In rural Iran, a woman accidentally leaves an Oscar in a cab, so local post office employees plan to send it to its owner in Tehran. But Ezzat (Ramezani) wants to show it off in his small village first. When he loses it, it's found by energetic preteen Yahya (Maghami), who works in the local dump recycling plastic. Yahya loves movies, and is pestering collector Sabir (Abedini) for the Cinema Paradiso DVD. But only their boss Nasser (Naji) understands what this Oscar means to its owner, because he has a past he's been carefully hiding.
With its gently witty tone, this engaging film plays on the irony that a Western audience will immediately recognise the importance of an Oscar statuette, while Iranians take a more organic approach to this mysterious object, wondering what it means or even dressing it up like a doll, as Yahya's sidekick Leila (Khani) does. This is augmented by the movie-centred plot threads that swirl around Yahya, Nasser and Sabir, leading to moments that are both emotional and hilarious. So while the larger plot points feel a bit contrived, the way it plays out has a documentary-style authenticity.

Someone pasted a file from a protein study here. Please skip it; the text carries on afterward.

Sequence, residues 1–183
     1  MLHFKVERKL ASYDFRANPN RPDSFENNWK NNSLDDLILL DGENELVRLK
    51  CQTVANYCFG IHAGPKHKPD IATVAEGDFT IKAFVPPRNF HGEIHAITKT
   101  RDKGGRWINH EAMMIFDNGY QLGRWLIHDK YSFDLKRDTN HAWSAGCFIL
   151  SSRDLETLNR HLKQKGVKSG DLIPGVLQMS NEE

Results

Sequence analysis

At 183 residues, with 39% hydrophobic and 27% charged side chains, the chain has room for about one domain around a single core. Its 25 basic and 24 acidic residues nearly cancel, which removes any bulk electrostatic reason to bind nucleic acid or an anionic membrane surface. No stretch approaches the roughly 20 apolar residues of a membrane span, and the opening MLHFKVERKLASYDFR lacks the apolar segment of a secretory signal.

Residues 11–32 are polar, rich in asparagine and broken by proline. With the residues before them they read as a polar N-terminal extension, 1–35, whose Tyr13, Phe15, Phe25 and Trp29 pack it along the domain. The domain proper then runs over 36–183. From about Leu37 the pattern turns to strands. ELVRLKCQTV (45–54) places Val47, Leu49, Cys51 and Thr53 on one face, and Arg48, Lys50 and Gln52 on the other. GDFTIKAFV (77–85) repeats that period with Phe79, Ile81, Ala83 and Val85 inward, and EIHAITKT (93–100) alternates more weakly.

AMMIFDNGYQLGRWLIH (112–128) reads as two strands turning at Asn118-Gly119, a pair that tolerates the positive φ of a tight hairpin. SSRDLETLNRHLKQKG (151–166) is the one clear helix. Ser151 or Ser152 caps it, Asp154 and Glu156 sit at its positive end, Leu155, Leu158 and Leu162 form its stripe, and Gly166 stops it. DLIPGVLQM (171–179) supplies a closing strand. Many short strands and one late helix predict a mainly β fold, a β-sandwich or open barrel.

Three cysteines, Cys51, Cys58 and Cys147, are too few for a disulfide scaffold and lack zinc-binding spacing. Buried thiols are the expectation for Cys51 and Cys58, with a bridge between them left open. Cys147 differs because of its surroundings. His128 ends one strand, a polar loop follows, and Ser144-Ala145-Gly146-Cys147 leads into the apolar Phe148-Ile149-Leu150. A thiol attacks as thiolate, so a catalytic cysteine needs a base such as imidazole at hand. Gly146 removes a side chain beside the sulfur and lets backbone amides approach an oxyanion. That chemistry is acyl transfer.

Performances are earthy and honest, anchored by young Meghami as the curious and remarkably intentional little Yahya. As he moves to his own insistent beat, his patient mother (Zikria) has little choice but to give in to his puckish demands. And he similarly charms grown-ups Nasser and Sabir, who are played with a mischievous sense of self-preservation by the terrific Naji and Abedini. Intriguingly, Meghami's chemistry with the lively young Khani has its own distinctly engaging rhythm.
Relational textures ripple throughout the film, adding to the larger themes relating to the passion that accompanies artistic expression. Each of these characters is driven by something inside of them, leading to a final sequence in the big city that ripples with witty, knowing ideas and images, especially for fans of recent Iranian cinema. So even if the plot feels a bit tidy, the boisterous undercurrents keep it enjoyably messy, pulling us into the story while celebrating the power of cinema.
See also: SHADOWS FILM FESTIVAL
© 2023 by Rich Cline, Shadows
on the Wall
|HOME | REVIEWS | NEWS | FESTIVAL | AWARDS
| Q&A | ABOUT | TALKBACK